Looking for TOSSERS in the local bottle-o

In a recent ATMO decision, Lion-Beer, Spirits & Wine Pty Ltd v Michael Harvey [2013] ATMO 6 (22 January 2013), Lion-Beer failed in its opposition against Mr Harvey’s trade mark application for the mark TOSSERS EXTRA DRY.

The Opponent submitted that TOSSERS EXTRA DRY was deceptively similar to its prior TOOHERYS EXTRA DRY registered mark, as they shared the letters: TO–E-S, plus the phrase ‘EXTRA DRY’.

The case highlights some interesting arguments, such as the Opponent’s counsel submitting that the marks are similar given the shared letters. The Opponent’s counsel submitted the following text to show that first and last letters of each word play an important part in the visual cognitive process, and asserting that TOSSERS and TOOHEYS may be visually confused on this basis, particularly as they shared the phrase ‘extra dry’:

“The rset can be a toatl mses and you can sitll raed it wouthit porbelm. This is bcuseae we do not raed ervey lteter by itslef but the wrod as a wlohe.”

Despite these arguments, the Opponent failed in this case.

The Opponent’s case for similarity based on the letters TO-E- S was (as eloquently put by the Hearings Officer) ‘unremarkable’, and the Hearings Officer commented that anyone who had “played Scrabble or hangman will know that T, O, S, E and R are among the most commonly used letters in the English language”.

Vital to the Hearing Officer’s decision was the meaning of the words TOSSERS and TOOHEYS. The former was a colloquial term with a very strong meaning, and the latter had no such connotation.

The arguments were also dismissed on the basis of phonetics, as the double O in Tooheys was deemed to create a totally different sound that then ‘o’ in Tossers. Similarly, the word suffixes   were distinguishable, given that the TOSSERS suffix adopted an “ur” sound, in contrast with the TOOHEYS suffix which adopted an “ee” sound.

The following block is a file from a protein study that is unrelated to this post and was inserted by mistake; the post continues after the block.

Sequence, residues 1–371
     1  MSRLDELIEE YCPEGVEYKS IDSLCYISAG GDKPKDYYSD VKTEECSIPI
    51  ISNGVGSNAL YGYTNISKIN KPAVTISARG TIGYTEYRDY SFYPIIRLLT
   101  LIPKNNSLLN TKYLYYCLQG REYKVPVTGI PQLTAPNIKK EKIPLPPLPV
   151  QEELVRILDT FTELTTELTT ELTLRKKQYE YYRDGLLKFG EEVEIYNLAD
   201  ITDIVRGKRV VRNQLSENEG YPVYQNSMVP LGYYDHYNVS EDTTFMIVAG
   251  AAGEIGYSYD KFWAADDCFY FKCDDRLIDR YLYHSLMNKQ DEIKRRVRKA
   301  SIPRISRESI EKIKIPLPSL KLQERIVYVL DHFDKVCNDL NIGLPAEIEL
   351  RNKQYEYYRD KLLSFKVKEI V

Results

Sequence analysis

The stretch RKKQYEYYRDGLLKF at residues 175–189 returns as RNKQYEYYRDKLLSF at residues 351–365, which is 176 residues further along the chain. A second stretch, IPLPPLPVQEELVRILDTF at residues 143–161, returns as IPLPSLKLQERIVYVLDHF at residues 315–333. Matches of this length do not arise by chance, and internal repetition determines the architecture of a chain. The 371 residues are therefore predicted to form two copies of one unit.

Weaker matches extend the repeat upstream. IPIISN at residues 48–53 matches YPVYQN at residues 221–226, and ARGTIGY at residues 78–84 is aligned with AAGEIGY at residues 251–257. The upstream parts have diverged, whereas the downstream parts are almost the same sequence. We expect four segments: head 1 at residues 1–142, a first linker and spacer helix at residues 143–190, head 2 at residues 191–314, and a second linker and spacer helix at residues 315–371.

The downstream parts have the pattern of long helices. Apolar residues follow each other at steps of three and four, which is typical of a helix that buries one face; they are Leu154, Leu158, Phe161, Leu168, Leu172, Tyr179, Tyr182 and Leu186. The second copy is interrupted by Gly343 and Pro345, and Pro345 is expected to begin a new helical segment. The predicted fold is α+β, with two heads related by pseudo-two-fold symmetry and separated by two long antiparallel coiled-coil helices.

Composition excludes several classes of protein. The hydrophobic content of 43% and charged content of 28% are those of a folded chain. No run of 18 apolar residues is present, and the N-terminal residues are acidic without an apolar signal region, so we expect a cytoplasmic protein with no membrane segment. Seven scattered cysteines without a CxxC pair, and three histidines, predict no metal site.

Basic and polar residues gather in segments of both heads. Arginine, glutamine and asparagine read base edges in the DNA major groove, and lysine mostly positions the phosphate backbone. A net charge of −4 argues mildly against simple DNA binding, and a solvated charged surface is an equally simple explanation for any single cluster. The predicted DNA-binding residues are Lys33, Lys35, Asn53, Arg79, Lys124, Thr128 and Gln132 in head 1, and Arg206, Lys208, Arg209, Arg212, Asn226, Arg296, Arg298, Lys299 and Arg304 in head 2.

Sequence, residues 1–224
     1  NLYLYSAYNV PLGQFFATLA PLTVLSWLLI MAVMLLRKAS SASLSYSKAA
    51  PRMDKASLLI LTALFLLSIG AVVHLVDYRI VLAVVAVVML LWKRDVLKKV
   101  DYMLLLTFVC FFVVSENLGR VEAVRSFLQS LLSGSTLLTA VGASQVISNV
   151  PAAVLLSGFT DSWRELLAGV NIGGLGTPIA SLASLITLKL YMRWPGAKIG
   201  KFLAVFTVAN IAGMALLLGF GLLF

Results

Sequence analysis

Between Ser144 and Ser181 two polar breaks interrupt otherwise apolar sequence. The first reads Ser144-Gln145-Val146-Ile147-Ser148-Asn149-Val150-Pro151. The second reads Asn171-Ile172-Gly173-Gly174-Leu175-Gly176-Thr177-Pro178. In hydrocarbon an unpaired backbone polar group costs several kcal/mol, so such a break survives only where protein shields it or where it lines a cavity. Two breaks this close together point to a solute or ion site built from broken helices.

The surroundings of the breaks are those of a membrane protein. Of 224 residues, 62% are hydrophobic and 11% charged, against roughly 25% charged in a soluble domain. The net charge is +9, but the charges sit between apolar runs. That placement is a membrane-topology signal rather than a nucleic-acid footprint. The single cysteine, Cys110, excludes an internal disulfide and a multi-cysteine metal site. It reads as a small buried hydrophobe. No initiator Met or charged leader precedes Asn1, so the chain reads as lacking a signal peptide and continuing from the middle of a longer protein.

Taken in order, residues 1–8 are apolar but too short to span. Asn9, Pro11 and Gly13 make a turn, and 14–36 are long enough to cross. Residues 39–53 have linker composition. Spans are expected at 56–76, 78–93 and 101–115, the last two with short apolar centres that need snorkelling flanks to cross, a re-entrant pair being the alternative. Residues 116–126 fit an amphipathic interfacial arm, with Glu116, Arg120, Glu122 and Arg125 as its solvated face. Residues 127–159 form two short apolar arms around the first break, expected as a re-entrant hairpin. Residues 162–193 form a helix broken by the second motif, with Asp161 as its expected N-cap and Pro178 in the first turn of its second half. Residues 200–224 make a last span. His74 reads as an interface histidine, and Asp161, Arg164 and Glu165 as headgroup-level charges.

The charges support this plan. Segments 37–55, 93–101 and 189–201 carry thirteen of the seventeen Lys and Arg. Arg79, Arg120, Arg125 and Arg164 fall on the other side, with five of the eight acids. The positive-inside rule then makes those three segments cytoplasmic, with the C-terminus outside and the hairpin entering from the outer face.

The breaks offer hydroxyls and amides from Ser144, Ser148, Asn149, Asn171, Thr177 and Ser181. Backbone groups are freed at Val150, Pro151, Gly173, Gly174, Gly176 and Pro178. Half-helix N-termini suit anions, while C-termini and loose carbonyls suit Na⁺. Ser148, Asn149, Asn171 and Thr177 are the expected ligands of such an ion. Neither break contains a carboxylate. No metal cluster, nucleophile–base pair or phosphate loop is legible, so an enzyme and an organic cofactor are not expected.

The reputation and contrary to law opposition grounds also failed, on the basis that the dissimilarity between the marks made it unlikely that deception or confusion would occur.

While not a ground-breaking decision, this case certainly highlights that common prefix and suffixes are not, in themselves, sufficient to render two marks deceptively similar. The case is also very amusing in numerous parts.

In the meantime, it appears that TOOHEYS EXTRA DRY and TOSSERS EXTRA DRY will coexist in the marketplace.

From the images I could find, the TOSSERS branding looks quite different from the TOOHEYS branding:


However, even with my ‘plain word’ goggles on, the word ‘TOSSERS’ stands out and really punches you in the face (at least compared to the more mundane ‘TOOHEYS’). In other words, I agree with the Hearings Officer. TOSSERS and TOOHEYS are unlikely to be confused, from the mere meaning of the former.

Apparently, the word TOSSERS was selected to appeal to a more youthful market. (One can only imagine the advertisements that might follow.)

Given the media attention this ‘brand war’ has received, I myself am keen to see this rather risque (and humorous) brand, and the marketing campaigns for it, in the marketplace – so will be looking out for the TOSSERS beer in the local bottle-o.